“Two Historical Traumas Formed China’s Leader”
The Washington Post, March 3, 2015, p.A1
“To mark China’s Spring Festival, Xi made a visit in mid-February to the small northern village of Liangjiahe, where he was banished in 1969 as a raw 15-year-old during the turmoil of the Cultural Revolution, where he worked for seven years and where he joined the Communist Party. His father had been persecuted and jailed in one of Mao Zedong’s purges, and Xi suffered humiliation, hunger and homelessness, sleeping in a cave, carrying manure and building roads, according to official accounts. ‘Perplexed’ when he was sent to the countryside, Xi emerged as if remolded by the painful years he spent there. He learned enough in the village to be able to cast himself as a man of the people. The lessons also made him profoundly distrust those same people. … The first was the trauma of the Cultural Revolution, when Mao used the people to tear his own party to shreds, and Xi was caught up in the chaos. The second was the trauma of the collapse of the Soviet Union under Mikhail Gorbachev in 1991, as the public was invited to rise up and the Communist Party there was consigned to oblivion. For if Xi casts himself as the man to save the Communist Party from its demons, he is also a man obsessively determined to retain full control of any reform process, in ways that Mao and Gorbachev did not do. … One of his major themes is a war on ‘Western values,’ including a free press, democracy and the constitutional separation of powers, all of which he believes pose an insidious threat to one-party rule. In this and in the growing ideological controls on sectors ranging from the news media to the military, Xi is resisting forces that he thinks brought the Soviet regime to its knees. Paradoxically, though, he also has seen the dangers of international isolation and an inward focus, factors that helped weaken Mao’s China and the Soviet Union. … Xi considers himself the antithesis of the ‘weak man’ who turned out the light on the Soviet empire. … While Mao’s Cultural Revolution almost destroyed China, Xi’s war on corruption is a masterpiece in controlled destruction. More than 100,000 party members have been disciplined since the campaign began, but through a process that is entirely managed from within the party. The public is simply not invited to join in, while anti-corruption activists have received long prison sentences. There are to be no mass denunciations of corrupt and arrogant officials, because Xi remembers only too well where that path leads.”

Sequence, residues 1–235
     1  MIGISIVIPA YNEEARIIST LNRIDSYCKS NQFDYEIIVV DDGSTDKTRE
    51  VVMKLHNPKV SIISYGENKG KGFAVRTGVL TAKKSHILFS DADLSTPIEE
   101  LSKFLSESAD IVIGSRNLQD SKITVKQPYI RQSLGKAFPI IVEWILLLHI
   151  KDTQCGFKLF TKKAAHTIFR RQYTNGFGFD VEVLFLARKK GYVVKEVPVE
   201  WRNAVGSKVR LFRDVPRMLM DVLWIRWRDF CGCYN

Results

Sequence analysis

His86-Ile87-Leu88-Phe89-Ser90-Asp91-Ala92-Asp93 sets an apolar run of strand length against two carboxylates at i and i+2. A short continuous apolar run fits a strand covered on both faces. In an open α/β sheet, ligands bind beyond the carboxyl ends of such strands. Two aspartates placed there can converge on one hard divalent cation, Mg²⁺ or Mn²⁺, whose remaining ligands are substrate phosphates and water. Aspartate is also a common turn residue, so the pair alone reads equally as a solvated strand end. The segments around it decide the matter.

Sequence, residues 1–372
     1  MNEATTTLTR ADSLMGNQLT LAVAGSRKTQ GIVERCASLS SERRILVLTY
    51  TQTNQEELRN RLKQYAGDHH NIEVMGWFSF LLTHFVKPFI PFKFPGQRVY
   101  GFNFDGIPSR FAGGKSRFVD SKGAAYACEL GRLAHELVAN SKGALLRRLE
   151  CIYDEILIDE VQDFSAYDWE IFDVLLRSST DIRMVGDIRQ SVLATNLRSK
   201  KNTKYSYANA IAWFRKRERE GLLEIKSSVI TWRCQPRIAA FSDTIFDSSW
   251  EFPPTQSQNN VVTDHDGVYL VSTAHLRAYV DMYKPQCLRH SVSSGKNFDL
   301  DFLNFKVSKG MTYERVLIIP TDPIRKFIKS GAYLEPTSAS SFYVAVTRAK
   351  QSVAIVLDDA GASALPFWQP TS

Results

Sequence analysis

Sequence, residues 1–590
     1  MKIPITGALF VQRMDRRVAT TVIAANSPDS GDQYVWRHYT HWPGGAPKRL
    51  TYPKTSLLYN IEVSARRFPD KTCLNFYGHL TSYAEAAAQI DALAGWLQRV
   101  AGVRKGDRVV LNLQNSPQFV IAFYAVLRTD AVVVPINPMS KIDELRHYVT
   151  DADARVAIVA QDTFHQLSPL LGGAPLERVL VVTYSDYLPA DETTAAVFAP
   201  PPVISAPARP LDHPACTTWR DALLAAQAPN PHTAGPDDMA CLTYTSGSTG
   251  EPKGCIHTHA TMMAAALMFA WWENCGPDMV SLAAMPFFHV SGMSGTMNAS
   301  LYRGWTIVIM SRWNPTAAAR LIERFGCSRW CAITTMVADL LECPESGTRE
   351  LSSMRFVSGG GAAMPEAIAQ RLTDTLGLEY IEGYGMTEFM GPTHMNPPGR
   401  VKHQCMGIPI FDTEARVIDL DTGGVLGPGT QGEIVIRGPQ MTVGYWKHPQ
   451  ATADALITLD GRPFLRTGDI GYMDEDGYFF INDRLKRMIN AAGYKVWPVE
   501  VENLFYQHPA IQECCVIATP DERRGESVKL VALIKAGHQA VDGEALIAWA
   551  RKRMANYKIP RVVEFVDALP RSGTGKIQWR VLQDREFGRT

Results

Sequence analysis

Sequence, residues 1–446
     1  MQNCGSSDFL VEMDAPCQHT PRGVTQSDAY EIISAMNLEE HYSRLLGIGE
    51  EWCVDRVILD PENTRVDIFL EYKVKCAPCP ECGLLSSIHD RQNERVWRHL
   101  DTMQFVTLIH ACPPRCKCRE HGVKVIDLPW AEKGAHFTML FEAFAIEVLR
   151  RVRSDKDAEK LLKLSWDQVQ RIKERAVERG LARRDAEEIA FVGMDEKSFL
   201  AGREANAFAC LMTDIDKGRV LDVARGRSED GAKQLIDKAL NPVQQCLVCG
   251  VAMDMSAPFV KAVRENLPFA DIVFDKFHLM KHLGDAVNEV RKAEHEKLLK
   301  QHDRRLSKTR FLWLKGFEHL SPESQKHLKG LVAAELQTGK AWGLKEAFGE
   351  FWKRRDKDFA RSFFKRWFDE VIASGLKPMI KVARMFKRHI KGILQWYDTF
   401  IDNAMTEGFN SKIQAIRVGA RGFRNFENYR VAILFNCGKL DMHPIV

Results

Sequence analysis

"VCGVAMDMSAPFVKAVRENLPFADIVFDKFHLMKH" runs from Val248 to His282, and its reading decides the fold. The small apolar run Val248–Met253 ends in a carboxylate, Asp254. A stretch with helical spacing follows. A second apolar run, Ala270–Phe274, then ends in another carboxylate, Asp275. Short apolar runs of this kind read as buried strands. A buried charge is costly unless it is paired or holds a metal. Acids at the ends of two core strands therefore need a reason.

Quickie analysis: A very interesting look at the history that shaped China’s leader and how that history is shaping China’s future.